Villa Aurelia

Largo di Porta San Pancrazio n. 1-2., Rome

Built circa 1660, for Cardinal Girolamo Farnese (1599-1668), Governor of Rome, on land purchased from Pope Paulo III that looks up towards St. Peter's and down over the city. It remained in the Farnese family until 1731 when it was acquired by the young Duke of Parma who ruled Naples and Sicily before becoming better known as King Charles III of Spain. He never lived here, but rented it to various dignitaries, a tradition continued by his son, Ferdinand, King of the Two Sicilies. In 1774, it was purchased by Count Ferdinando Giraud who lived here until his death in 1841. The new owner, Count Alessandro Savorelli - who made his fortune manufacturing candles - collaborated with his father-in-law, the architect Virginio Vespignani, to both restore and enlarge the villa to give it its present appearance. But almost as soon as the works were complete, the French invaded Rome and General Garibaldi made it his headquarters...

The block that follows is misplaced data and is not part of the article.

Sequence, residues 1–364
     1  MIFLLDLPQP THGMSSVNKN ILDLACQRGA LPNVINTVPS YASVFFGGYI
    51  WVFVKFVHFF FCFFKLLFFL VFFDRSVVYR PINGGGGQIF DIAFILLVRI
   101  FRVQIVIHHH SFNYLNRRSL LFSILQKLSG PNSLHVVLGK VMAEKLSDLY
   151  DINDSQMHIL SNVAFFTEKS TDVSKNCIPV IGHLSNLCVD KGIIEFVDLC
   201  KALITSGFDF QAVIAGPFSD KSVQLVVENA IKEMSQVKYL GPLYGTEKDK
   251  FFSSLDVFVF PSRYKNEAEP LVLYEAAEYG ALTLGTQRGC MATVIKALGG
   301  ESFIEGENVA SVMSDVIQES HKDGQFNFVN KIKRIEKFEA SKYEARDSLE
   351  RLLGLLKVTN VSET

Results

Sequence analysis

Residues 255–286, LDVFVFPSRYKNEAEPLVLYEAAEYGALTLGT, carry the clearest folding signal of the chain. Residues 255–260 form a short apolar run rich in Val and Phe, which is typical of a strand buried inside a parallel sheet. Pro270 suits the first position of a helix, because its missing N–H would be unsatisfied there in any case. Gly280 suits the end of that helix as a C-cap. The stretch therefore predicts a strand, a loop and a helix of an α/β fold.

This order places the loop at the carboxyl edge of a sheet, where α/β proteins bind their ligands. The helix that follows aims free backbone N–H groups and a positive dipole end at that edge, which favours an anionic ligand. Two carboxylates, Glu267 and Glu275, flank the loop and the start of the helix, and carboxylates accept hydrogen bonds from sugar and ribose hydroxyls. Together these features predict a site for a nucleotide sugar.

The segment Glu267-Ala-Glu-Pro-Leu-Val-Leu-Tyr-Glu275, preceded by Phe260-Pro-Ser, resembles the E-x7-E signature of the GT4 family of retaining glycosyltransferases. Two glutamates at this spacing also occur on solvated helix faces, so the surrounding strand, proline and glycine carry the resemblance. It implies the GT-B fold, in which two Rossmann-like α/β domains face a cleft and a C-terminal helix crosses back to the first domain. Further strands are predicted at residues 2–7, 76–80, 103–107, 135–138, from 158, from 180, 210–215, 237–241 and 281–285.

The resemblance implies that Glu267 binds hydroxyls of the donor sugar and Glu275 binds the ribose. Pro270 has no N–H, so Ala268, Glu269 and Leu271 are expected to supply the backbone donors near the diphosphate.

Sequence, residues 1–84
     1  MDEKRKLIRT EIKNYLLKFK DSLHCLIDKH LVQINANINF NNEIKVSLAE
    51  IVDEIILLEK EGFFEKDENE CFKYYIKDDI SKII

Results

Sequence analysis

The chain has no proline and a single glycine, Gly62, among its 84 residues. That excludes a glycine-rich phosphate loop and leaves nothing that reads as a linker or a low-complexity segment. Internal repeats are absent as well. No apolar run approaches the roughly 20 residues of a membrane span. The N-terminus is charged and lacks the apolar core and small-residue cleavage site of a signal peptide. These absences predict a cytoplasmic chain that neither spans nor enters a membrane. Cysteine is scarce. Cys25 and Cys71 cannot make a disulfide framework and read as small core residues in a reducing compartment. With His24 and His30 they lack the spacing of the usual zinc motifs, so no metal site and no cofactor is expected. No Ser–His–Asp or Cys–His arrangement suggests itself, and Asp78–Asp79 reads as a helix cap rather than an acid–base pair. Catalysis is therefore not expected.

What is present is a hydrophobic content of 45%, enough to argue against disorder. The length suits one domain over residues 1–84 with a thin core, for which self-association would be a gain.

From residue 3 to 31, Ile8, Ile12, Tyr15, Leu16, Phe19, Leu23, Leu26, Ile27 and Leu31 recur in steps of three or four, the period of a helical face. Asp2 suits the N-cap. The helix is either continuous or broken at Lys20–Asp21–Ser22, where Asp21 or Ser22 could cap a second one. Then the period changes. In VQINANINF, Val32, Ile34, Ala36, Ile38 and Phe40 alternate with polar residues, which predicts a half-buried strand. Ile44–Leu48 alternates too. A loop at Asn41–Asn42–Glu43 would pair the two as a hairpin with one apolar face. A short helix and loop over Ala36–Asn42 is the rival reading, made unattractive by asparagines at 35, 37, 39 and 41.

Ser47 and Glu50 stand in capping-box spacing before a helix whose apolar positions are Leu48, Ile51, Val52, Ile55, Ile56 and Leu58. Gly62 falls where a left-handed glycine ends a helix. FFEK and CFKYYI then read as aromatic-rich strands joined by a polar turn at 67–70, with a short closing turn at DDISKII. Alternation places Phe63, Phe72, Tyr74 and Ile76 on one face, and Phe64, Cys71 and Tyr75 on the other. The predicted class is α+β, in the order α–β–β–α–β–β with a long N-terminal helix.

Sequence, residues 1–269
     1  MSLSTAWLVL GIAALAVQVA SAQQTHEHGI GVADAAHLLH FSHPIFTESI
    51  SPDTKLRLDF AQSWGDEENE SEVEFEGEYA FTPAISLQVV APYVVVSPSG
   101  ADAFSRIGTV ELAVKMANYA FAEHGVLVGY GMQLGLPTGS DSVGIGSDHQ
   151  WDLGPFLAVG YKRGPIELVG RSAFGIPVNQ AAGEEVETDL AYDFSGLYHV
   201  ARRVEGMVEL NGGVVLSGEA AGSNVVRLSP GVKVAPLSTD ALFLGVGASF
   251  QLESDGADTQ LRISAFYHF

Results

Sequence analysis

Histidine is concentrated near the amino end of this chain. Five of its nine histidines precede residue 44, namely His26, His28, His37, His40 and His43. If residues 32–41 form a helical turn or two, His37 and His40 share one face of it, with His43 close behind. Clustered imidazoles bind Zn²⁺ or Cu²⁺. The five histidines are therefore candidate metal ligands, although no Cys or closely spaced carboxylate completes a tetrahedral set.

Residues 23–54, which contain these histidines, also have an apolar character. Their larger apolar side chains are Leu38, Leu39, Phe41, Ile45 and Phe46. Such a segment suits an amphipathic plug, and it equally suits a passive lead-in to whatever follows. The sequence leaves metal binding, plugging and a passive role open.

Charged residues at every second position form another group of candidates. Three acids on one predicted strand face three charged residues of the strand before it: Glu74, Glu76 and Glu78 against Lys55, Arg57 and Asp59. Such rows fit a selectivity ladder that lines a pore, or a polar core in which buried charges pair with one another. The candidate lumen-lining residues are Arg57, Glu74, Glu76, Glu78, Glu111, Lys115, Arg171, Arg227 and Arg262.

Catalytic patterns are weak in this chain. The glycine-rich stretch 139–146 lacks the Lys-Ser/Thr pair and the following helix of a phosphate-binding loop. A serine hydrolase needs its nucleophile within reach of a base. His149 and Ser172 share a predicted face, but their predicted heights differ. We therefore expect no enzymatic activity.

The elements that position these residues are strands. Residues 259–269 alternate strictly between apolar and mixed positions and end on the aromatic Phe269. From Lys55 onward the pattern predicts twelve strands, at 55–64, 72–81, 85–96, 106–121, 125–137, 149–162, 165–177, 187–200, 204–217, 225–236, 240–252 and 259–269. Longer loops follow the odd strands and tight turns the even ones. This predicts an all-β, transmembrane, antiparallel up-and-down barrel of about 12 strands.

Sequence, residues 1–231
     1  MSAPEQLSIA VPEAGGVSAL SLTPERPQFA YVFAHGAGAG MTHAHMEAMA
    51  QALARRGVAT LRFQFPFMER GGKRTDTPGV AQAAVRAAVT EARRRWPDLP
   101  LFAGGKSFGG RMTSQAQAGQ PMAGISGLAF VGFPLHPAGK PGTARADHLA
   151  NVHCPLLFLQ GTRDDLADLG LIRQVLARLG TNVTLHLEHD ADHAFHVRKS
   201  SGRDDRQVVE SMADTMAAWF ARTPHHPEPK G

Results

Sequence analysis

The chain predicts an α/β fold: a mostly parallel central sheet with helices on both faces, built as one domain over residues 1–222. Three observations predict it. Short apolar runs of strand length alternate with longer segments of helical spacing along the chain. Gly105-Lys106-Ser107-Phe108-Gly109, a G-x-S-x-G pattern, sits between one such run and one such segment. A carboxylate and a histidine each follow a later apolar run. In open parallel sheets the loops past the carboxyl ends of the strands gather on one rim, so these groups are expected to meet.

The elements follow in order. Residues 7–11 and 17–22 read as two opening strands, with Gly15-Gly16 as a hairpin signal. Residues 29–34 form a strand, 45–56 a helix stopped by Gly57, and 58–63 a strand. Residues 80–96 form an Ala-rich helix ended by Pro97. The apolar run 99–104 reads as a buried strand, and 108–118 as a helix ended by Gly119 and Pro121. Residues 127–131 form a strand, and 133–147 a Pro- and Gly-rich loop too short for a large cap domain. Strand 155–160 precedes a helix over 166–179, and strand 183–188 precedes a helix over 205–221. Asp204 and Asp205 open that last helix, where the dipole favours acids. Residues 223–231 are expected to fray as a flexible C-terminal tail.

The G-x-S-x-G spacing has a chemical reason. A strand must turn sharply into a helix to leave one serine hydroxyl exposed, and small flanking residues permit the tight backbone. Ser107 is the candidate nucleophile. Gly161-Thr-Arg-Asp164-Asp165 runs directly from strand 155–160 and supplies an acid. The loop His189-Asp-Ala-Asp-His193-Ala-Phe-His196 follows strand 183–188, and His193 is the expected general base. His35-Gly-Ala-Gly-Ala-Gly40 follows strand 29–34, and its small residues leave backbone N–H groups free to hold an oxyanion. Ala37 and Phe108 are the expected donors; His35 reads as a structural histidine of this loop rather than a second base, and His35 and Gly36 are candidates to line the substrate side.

This house is best associated with...

Clara Sophia Jessup

Mrs Clara Sophia (Jessup) Heyland


Alexander Samuel Heyland

Major Alexander S. Heyland, of Villa Aurelia, Rome


While it enjoyed an unparalleled vantage point, it was also a sorely conspicuous target and cannon-shot destroyed the roof and almost the entire southern facade. After peace was restored, Savorelli managed to use his influence to obtain state funding to have his villa restored! After his death in 1864, it was acquired by a charitable institution, the Monte di Pietà, and gradually fell into a worsening state of repair until 1885. That year, it was purchased by an American heiress, Mrs Clara (Jessup) Heyland (whose brother married one of the Queen Mother's aunts) and her husband, an invalided British Artillery officer, Major Heyland, who she married at Beaulieu in Newport. They named it "Villa Aurelia" and made it their year-round home while Clara dedicated her fortune to its restoration.

Clara outlived her husband and having no children when she died in 1909 she bequeathed the property to the American Academy in Rome (an institution spearheaded by J.P. Morgan). The Academy still owns and maintains the property today which is now a popular venue for weddings, concerts etc., and since 2002 has been open to the public.

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Contributed by Mark Meredith on 07/05/2021 and last updated on 07/05/2021.
Image from the Villa Aurelia


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